Tips for Writing your Own Vows via A Lo ProfileWriting your own vows is something that may seem a little overwhelming at first, but the payoff when you’re getting married and say them to the person you are choosing to commit your life to is so worth it. The biggest reason we wanted to write our own vows was to personalize our ceremony and make it tailored to our relationship. This is also why we wanted someone we knew to marry use (more on that later). We both definitely had ‘where do we start’ moments when writing our vows, so I wanted to share some tips for writing your vows with you all today! Whether you’ve already decided you are writing them and need a few tips or if you’re on the fence, I’m hoping this helps give you some ideas and hopefully be able to write your perfect vows for your wedding day.

FIND SOME INSPIRATION

We not only wrote our own vows, but our entire ceremony. To get started, we looked for inspiration online. Think about it, you do this for everything in life. If you want ideas for wedding planning, you look online for photos to inspire you. Hello, Pinterest! We did the same for vows. We took notes on what we liked and didn’t like so we could write our own.

KEEP IT REAL

I was just watching a FRIENDS this week where Monica and Chandler were working on their vows. Joey suggested that Chandler say “I knew from the beginning..” which was so not true for them. Just because something ‘sounds good’ don’t include it if it isn’t you. Every relationship that brings two people into marriage is beautiful in its own way and your story is worth sharing! If it’s not a special story, then its something about the two of you or the way you feel about each other that makes it special. Remember that and keep it real as you write your vows.

AGREE ON A STYLE

Make sure that you have similar tones set your vows. If one of you is all funny and one is completely sentimental, it may seem off. We like a good mix of something that might bring a smile to our faces or make us laugh, but ultimately that was sweet and allowed us to express how much the other really means to us. Also make sure that any jokes aren’t too much of an ‘inside joke’ where those attending your wedding will be confused. It’s great to make your significant other or guests laugh, but make sure that you aren’t embarrassing your significant other in any way.

REFLECT

Look back on your relationship. Some things to consider: how you got together, when you knew you loved them, the first big trip you took together, when you decided to get married, any big things you’ve supported each other through, what do you respect most about them, etc . Anything that was a big defining moment in your relationship or that is special to the two of you is something that is worth considering to add in!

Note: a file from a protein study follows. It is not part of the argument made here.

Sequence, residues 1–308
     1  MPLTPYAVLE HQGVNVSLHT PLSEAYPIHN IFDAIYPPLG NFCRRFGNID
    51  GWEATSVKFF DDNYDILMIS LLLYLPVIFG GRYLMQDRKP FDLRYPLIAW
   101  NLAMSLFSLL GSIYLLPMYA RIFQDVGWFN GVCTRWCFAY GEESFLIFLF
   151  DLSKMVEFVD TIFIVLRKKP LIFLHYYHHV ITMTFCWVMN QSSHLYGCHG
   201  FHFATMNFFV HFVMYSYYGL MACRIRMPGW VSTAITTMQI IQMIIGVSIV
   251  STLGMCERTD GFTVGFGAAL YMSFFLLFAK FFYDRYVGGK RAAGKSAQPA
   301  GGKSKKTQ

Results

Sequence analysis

BE BRIEF

My husband always says “brevity breeds power.” Basically, keep your vows between one to two minutes. You don’t want them to drag on and become redundant. Remember, this isn’t the only time you can tell your significant other what they mean to you. This is just a summary of your relationship, your feelings, and your promises going forward.

MAKE PROMISES

Vows are ultimately promises for the future, so ensure that your vows include several that you think are important for a relationship. Flexibility, hard work, and support were big promises in mine. I had a few somewhat funny promises included earlier in mine as well, such as trying to increase the scope of the television shows I watch and learning to love the latest iPhone game he becomes obsessed with.

DON’T BE A CLICHÉ

Draw inspiration as needed, but please, don’t start your vows with “Google defines marriage as..” Just don’t. If you really love the overall message behind something that sounds too cliché, consider changing it to make it more specific to you and your significant other.

PRACTICE THEM

Say your vows out loud a few times. First, time yourself saying them to ensure they aren’t too long. You can also practice them to make sure they sound okay and come across as you want. Consider sharing them with someone to get their opinion if you’re unsure of anything. We read ours from vow books (I’m linking my favorites for you all below) instead of memorizing them, but we both still practiced reading them after we had written them. We waited to write them in our vow books after we typed them out on our phones/computers and had a final draft ready.

 

I really hope these tips for writing your own vows helps you set a plan or inspires you to write your own wedding vows. It seemed intimidating and overwhelming initially, but once I organized my thoughts and found some inspiration, they came to me so easily. I am so glad that we decided to write our own vows and think it personalized our ceremony even more!

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Photo by Stephanie Parsley Photography

PS: If you’re behind on my wedding posts, check them all out here. XO

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